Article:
Reservations Contact

Currently, two customers have expressed interest in kits for these parts.  Please show your support by contacting to submit reservation, specifications of what size and scale is desired.

- End Cross-posted Article - 

Jason Hill - OwlMtModels

Tuesday, November 7, 2023

Open Loads (Part 10) - Athearn 40ft Flat with OMM 3002 Lumber Load

Time to upgrade my old Athearn 40ft flatcar with a new 3002 OwlMtModels Lumber Load!

Many years ago I upgraded an Athearn 40ft flatcar and recently I wanted to put a nice lumber load on it from OwlMtModels' new "Short-Wide" series.  While some of my previous Open Load posts have covered more unique loads, this time I want to cover a more 'classic' load, but with it's own twists.

The Flat Car

Originally, the Athearn flatcar I used was one that had some holes in the deck to attach the plastic blocking for the cabin cruiser boat from Athearn.  The old load supports were simply removed from the car by un-snapping it.

New 'Old" Deck

When I upgraded the car with scratch-built deck from strip-wood sticks.  I also cut-down the plastic deck of the car, even with the steel sides.  The SP's 40ft 1949-built F-50-16, which this car was a stand-in for had overhanging deck boards, which were even with the outer edge of the stake pockets.  The deck was cut back around the stirrup and grab-irons around the car's end, so likewise my deck is notched back.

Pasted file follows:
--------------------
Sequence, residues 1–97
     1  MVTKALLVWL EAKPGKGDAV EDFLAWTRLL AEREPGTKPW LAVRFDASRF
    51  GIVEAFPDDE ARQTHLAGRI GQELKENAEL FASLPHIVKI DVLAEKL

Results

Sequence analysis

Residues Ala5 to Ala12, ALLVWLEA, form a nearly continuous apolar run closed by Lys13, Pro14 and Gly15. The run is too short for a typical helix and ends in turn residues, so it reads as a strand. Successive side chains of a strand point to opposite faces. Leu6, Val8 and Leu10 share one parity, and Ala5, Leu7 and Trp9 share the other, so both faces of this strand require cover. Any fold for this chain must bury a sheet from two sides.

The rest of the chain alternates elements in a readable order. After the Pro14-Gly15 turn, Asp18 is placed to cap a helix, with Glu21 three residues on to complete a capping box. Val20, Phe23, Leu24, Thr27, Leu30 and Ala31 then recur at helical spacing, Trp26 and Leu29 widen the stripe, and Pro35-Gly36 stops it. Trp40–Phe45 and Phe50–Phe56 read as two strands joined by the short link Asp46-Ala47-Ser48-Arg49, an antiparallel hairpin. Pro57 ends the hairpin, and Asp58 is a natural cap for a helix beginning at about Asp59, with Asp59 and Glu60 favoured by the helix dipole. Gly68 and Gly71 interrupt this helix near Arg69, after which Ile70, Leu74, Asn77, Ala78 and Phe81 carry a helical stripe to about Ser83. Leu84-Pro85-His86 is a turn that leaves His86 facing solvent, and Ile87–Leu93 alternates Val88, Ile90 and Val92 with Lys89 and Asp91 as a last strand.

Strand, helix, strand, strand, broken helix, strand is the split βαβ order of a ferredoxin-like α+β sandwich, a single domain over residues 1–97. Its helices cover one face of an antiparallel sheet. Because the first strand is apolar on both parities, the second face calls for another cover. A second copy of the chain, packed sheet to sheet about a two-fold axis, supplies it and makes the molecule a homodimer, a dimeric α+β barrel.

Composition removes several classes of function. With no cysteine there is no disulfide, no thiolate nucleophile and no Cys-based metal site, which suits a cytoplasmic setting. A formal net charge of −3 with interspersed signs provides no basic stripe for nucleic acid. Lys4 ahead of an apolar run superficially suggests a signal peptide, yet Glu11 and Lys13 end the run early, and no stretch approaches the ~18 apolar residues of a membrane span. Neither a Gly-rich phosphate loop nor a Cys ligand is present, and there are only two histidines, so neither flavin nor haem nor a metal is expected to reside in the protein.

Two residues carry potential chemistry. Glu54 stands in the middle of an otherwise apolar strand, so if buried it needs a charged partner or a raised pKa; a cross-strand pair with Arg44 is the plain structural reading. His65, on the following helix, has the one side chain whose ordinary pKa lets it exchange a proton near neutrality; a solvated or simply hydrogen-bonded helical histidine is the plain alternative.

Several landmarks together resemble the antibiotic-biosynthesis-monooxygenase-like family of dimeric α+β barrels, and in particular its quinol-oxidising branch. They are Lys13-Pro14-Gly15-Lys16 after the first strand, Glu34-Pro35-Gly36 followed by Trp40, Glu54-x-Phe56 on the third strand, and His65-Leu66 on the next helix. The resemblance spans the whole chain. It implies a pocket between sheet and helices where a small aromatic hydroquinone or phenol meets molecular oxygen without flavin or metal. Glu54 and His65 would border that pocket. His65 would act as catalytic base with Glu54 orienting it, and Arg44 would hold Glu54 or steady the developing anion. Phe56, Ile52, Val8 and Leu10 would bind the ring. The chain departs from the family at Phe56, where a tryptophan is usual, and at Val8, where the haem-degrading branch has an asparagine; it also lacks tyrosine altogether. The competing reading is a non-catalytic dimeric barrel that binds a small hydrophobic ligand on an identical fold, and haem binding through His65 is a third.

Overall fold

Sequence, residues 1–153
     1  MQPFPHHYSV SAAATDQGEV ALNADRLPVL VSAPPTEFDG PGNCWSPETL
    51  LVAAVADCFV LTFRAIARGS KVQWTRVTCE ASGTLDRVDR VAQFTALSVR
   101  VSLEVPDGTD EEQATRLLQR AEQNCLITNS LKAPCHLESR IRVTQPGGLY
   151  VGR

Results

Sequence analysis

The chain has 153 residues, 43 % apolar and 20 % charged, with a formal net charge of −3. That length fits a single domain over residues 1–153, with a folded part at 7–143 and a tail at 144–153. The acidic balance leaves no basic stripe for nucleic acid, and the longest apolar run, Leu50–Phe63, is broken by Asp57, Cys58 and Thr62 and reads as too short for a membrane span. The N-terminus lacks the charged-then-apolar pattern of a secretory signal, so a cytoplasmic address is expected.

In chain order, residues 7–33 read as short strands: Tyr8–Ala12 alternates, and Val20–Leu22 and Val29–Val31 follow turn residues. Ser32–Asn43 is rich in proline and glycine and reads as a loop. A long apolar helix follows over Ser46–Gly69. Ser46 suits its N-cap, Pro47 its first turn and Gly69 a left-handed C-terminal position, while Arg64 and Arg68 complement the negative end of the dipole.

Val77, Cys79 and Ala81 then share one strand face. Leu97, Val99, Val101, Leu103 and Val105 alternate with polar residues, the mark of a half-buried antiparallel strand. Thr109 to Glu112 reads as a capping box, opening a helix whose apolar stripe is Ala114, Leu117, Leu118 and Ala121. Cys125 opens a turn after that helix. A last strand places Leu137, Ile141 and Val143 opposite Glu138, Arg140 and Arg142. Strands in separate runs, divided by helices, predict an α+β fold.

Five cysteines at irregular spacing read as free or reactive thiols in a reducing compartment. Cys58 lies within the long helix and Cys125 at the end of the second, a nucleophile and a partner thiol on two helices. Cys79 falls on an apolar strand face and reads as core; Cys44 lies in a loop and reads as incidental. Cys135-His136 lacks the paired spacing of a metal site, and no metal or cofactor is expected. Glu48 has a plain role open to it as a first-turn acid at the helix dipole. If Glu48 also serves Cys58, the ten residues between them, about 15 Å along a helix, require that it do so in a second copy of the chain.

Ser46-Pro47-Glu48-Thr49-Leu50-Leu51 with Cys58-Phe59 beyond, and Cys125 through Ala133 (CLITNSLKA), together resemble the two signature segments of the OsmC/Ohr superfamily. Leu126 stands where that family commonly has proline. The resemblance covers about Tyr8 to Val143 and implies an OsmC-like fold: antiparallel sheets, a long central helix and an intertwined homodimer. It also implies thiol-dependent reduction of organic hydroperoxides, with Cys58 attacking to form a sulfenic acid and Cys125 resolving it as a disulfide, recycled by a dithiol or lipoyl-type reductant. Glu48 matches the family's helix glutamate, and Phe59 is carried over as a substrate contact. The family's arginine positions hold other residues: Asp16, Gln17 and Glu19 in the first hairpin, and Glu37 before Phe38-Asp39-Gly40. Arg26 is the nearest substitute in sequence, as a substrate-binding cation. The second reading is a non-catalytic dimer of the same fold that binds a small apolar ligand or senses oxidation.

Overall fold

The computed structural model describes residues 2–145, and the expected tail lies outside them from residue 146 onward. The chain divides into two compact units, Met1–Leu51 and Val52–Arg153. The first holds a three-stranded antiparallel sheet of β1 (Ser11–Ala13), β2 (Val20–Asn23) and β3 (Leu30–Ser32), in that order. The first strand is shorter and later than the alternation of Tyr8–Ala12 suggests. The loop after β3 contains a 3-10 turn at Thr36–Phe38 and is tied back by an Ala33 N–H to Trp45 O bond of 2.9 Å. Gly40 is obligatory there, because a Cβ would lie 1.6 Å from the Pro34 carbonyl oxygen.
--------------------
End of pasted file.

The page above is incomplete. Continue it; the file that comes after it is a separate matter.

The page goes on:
I also fitted the car many years ago with some scrap wood stakes and also glued a piece to the deck to represent some bit of left over dunnage and blocking nailed to the deck.  Thankfully, it's close to the brake wheel end of the car, so it stays out of the way of the upcoming load I will build for the car.  I can always pull out the two wooden stakes if I want to.


The next step was to repaint and then decal the model, I believe I used either Floquil FCR or suitable acrylic paint, I honestly don't remember 25-odd years ago when I did it.  I think the decals I used were a mix of MicroScale 87-911 for the road number, and weight data. and probably the "SOUTHERN PACIFIC" in small font from the old MicroScale SPMW decal set.


I weathered the car overall with a dark gray road-grime coat, including over the reporting marks.  I probably would have done more 'clerk wiping' of a rag over the road number to keep it more legible.  The car must have had several bad trips in a row to be this dirty in only 1-2 years given that I now claim to model 1949-1953, and the car was new in 1949!

SP 140195 stand-in Athearn car for SP F-50-16 class car, built in 1949, set up as idler car for over-length gondola load.

In this condition I had the car in service at LMRC for about 20 odd years.  The only real damage was the plastic Tichy brake wheel was broken when I brought the car home.  While it was not accurate for the SP's prototype 40ft F-50-16s, this car acts as a stand-in.  Note that I've posted an article on kitbashing a more accurate car from Red Caboose F-70-7 kit SP 140234 (Part 1) - Kitbash RC F-50-16 from F-70-7